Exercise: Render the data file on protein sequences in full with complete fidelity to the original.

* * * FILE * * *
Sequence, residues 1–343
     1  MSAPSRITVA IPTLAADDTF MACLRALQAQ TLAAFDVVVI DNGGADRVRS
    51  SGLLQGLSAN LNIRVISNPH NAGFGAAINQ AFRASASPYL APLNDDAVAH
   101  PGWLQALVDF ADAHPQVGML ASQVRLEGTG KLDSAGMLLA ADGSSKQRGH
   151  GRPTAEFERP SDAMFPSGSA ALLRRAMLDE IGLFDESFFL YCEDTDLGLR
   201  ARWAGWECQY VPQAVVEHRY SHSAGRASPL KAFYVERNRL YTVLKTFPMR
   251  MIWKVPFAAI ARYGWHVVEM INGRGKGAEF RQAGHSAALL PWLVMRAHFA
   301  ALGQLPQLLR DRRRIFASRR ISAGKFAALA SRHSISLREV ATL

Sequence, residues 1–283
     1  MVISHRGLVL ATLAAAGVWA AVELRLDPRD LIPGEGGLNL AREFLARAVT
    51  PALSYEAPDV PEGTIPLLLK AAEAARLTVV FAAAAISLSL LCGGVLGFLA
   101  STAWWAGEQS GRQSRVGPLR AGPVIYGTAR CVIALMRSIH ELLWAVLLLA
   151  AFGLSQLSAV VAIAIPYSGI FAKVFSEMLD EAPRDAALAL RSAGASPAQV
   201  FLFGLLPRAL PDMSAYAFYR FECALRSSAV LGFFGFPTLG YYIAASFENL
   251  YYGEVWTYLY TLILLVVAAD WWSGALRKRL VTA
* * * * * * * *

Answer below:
Sequence, residues 1–343
     1  MSAPSRITVA IPTLAADDTF MACLRALQAQ TLAAFDVVVI DNGGADRVRS
    51  SGLLQGLSAN LNIRVISNPH NAGFGAAINQ AFRASASPYL APLNDDAVAH
   101  PGWLQALVDF ADAHPQVGML ASQVRLEGTG KLDSAGMLLA ADGSSKQRGH
   151  GRPTAEFERP SDAMFPSGSA ALLRRAMLDE IGLFDESFFL YCEDTDLGLR
   201  ARWAGWECQY VPQAVVEHRY SHSAGRASPL KAFYVERNRL YTVLKTFPMR
   251  MIWKVPFAAI ARYGWHVVEM INGRGKGAEF RQAGHSAALL PWLVMRAHFA
   301  ALGQLPQLLR DRRRIFASRR ISAGKFAALA SRHSISLREV ATL

Sequence, residues 1–283
     1  MVISHRGLVL ATLAAAGVWA AVELRLDPRD LIPGEGGLNL AREFLARAVT
    51  PALSYEAPDV PEGTIPLLLK AAEAARLTVV FAAAAISLSL LCGGVLGFLA
   101  STAWWAGEQS GRQSRVGPLR AGPVIYGTAR CVIALMRSIH ELLWAVLLLA
   151  AFGLSQLSAV VAIAIPYSGI FAKVFSEMLD EAPRDAALAL RSAGASPAQV
   201  FLFGLLPRAL PDMSAYAFYR FECALRSSAV LGFFGFPTLG YYIAASFENL
   251  YYGEVWTYLY TLILLVVAAD WWSGALRKRL VTA